Visualizations

A collection of my professional and academic visualizations

(last updated: August 12, 2021)

  • Young et al. (2020), Figure 3

    Life stress and cortisol reactivity: An exploratory analysis of stress exposure across life on HPA axis functioning.

    ggplot2
    • Caption

      Figure 3. (a) Interaction plots for all effects for each of the models tested in both the primary and secondary analyses. The panels are arranged in chronological order from left to right and top to bottom, starting with early life stress (BEM) and ending with the cumulative life stress effects. The panels with black lines depict the effects from the primary analyses. The panels with light gray lines depict effects from the secondary analyses. The solid points and lines reflect effects for low life stress, and empty points with dotted lines reflect high life stress (the panel titles indicate the life stress period). (b) Visual depiction of the sensitization model. The left panel plots the effect of high versus low current life stress for individuals who were exposed to low levels of early life stress. The right panel plots the effect of high versus low current life stress for individuals who were exposed to high levels of early life stress.

    Young et al. (2019), Figure 1

    The Dual Impact of Early and Concurrent Life Stress on Adults’ Diurnal Cortisol Patterns: A Prospective Study

    ggplot2
    • Caption

      Fig. 1. Life-stress scores as a function of assessment. Box plots of life-stress scores are plotted alongside raw data for each life-stress assessment. Lower and upper hinges of each box plot represent the 25th and 75th percentiles, respectively. The whiskers represent values between each hinge and 1.5 times the interquartile range. Horizontal solid lines within each box plot represent median stress scores. Each gray line shows the trajectory of the scores of an individual participant. The black line represents a smoothed sample average of the trend across all assessments.

    Young et al. (2019), Figure 2

    The Dual Impact of Early and Concurrent Life Stress on Adults’ Diurnal Cortisol Patterns: A Prospective Study

    ggplot2
    • Caption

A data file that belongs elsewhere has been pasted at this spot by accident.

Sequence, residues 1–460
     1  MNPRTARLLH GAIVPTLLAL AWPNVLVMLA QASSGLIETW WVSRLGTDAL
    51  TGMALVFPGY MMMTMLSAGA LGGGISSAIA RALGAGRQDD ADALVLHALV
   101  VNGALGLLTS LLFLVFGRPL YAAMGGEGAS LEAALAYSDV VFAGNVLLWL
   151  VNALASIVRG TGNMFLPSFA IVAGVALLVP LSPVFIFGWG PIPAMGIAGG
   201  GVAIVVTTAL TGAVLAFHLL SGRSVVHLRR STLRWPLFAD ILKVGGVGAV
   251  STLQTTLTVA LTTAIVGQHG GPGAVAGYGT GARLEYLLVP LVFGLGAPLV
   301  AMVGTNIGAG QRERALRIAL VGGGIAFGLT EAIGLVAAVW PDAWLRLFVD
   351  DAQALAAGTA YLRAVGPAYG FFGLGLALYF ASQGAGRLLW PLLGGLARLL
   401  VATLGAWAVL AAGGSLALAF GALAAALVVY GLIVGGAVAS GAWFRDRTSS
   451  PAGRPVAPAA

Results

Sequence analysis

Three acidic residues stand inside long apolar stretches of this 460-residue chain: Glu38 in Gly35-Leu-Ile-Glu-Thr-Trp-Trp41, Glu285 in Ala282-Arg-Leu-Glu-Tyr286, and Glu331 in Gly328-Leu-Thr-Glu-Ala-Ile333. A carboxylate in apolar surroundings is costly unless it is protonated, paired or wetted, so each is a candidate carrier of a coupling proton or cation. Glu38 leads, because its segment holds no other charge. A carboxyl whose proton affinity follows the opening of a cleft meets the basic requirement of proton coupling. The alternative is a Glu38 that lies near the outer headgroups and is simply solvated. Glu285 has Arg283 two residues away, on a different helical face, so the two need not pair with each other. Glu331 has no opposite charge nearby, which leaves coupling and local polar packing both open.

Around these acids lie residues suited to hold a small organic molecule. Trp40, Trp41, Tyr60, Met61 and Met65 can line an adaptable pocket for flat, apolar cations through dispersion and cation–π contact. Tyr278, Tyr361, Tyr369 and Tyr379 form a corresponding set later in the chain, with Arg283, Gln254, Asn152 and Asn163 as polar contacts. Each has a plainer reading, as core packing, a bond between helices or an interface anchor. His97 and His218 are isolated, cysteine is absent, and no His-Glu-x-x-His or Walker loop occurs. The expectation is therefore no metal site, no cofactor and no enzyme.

Fig. 2. Log-transformed diurnal cortisol as a function of time since waking. The colored lines show results from the mixed model testing the sensitization model of stress, which predicts that current life stress moderates the effect of early life stress on the diurnal cortisol pattern. The gray points and lines represent the raw data (note that these data are the same across all four panels). The panels in the left column depict the results for individuals who experienced low early life stress, and the panels in the right column depict the results for individuals who experienced high early life stress. The panels in the top row depict quadratic effects of time since waking, and the panels in the bottom row depict linear effects. For both early and current life stress, high and low refer to values 1 standard deviation above and below the sample mean, respectively.

    Young et al. (2020), Figure 2

    Life stress and cortisol reactivity: An exploratory analysis of stress exposure across life on HPA axis functioning.

    ggplot2
    • Caption

      Figure 2. Visualization of the effect of the Trier sample on cortisol reactivity.

    Young et al. (2020), Figure 4

    Life stress and cortisol reactivity: An exploratory analysis of stress exposure across life on HPA axis functioning.

    ggplot2
    • Caption

      Figure 4. Interaction plot comparing the biological embedding and cumulative stress models. The left panel shows the effect of scoring high versus low on early life stress, controlling for the effects of cumulative life stress. The right panel shows the effect of scoring high versus low on cumulative life stress, controlling for the effects of early life stress. The solid points and lines indicate low life stress (early life stress for the biological embedding model; cumulative for the cumulative stress model), and the open points with dotted lines reflect high life stress.